MATERIALS AND METHODS
Gemfibrozil was obtained from Sigma Aldrich. Thioflavin-S and all other molecular biology-grade chemicals were purchased from Sigma Aldrich. Primary antibody for β-Amyloid mouse monoclonal (6E10) was obtained from Biolegend (803001) and used at 1 : 500 dilution for immunohistochemistry and 1 : 1000 for immunoblotting. Primary antibody for β-Actin was obtained from Abcam (ab6276) and used at 1 : 10000 dilutions for immunoblotting. Iba1 (Abcam: cat# ab5076; dilution 1 : 1000), GFAP (Dako: cat# IS524; dilution 1 : 2000), PPARα (Santa cruz: cat# sc-398394; dilution 1 : 250), NeuN (Invitrogen: cat# 702022; dilution 1 : 500), and inducible nitric oxide synthase (iNOS) (BD Biosciences: cat# 610432; dilution 1 : 500) antibodies were used at respective dilutions for immunohistochemistry. Secondory antibodies (Alexa-fluor 488 and 647-conjugated) for immunostaining were purchased from Jackson ImmunoResearch. IR-dye-labeled secondary antibodies were purchased from Li-Cor Biosciences.
Animal maintaining and experiments were in accordance with National Institute of Health guidelines and were approved by the Institutional Animal Care and Use committee (IACUC) of the Rush University of Medical Center, Chicago, IL. Animals exhibiting mild seizures and tremors were fed and watered through animal feeding needles. However, if any mouse came to the moribund stage, it was decapitated after anesthesia with ketamine/xylazine injectables. Conditions for moribund were as follows: Central nervous system disturbance (Head tilt, Seizures, Tremors, Circling, Spasticity, and Paresis); Inability to remain upright; Evidence of muscle atrophy; Chronic diarrhea or constipation; Rough coat and distended abdomen; Spreading area of alopecia caused by disease; Coughing, rales, wheezing and nasal discharge; Distinct jaundice and/or paleness (anemia); Markedly discolored urine, polyuria or anuria; Frank bleeding from any orifice; Persistent self-induced trauma.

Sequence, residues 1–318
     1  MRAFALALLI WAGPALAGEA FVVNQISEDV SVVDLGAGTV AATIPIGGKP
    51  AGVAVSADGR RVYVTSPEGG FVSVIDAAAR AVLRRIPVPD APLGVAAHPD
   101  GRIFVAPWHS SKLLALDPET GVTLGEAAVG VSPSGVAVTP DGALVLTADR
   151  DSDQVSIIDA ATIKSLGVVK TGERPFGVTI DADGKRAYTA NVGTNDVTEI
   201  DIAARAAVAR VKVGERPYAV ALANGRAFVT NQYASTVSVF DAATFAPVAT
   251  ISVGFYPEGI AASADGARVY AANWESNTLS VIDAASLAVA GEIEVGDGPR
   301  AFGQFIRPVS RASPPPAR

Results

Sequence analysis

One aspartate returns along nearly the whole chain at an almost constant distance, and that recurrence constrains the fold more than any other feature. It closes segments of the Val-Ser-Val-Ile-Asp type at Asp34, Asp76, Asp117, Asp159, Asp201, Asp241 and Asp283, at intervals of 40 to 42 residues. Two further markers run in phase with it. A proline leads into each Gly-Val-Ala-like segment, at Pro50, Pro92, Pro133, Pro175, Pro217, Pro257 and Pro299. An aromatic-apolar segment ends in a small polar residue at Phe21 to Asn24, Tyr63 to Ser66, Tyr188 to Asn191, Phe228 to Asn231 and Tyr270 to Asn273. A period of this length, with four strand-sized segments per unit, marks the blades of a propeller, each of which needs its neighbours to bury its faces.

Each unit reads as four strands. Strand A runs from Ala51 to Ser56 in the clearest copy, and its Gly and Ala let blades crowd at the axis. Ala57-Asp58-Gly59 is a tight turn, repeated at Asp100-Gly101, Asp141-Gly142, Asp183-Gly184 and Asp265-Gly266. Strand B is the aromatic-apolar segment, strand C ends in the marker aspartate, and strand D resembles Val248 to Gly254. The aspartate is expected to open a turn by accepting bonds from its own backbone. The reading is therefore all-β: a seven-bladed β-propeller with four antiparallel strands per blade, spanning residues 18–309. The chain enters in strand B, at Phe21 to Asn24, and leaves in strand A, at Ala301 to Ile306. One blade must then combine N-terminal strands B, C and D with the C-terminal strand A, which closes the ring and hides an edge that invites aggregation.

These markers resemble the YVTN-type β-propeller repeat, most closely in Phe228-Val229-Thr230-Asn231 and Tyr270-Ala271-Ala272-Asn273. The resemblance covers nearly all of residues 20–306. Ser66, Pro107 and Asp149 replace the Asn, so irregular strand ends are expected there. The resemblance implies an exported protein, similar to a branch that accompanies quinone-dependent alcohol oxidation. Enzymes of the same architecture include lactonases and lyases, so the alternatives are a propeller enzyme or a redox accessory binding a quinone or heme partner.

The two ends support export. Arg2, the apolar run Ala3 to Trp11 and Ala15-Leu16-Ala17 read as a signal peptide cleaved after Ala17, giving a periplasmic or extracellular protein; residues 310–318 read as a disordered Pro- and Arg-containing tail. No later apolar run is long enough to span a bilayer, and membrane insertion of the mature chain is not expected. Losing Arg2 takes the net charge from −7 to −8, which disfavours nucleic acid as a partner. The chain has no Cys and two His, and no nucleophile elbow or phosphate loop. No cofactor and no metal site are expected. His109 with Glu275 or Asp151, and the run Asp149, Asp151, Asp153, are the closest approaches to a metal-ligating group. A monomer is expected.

5XFAD [B6SJL-Tg(APPSwFlLon,PSEN1 *M146L *L286V)6799 Vas/J] and PPARα null (B6.129S4-Pparatm1Gonz/J) mice were purchased from Jackson Laboratories (Bar Harbor, ME). These animals were inbred and subsequent generations were screened by PCR. PPARα null mice  were maintained as homozygous on the C57BL/6J background. 5XFAD mice mimic some of the features of AD including amyloid plaque, neuroinflammation, impairment in memory and learning, etc. [17–19]. 5XFAD mice were also bred with PPARα (–/–) mice to generate 5XFAD/PPARα (–/–) mice as described before [15, 20].
Six-month-old male and female 5XFAD (n = 6 in each group) or 5X/Ppara–/– mice (n = 5 in each group) were orally administered with gemfibrozil (7.5 mg/kg body weight/day) or vehicle (0.1% Methylcellulose) via gavage for 30 days. This dose of gemfbrozil is equivalent to the human adult dose (600 mg/d/adult). Non-transgenic mice (n = 6) from the same background were used as a control. Following treatment, behavioral tests were performed following which mice were sacrificed. Mice were injected with ketamine-xylazine injectables and anesthetized mice were perfused using PBS for 5 min. Hemi-brain was kept in 4% Paraformaldehyde and processed for immunohistochemistry whereas the hippocampus and cortex was dissected from the other half of the brain for biochemical analysis.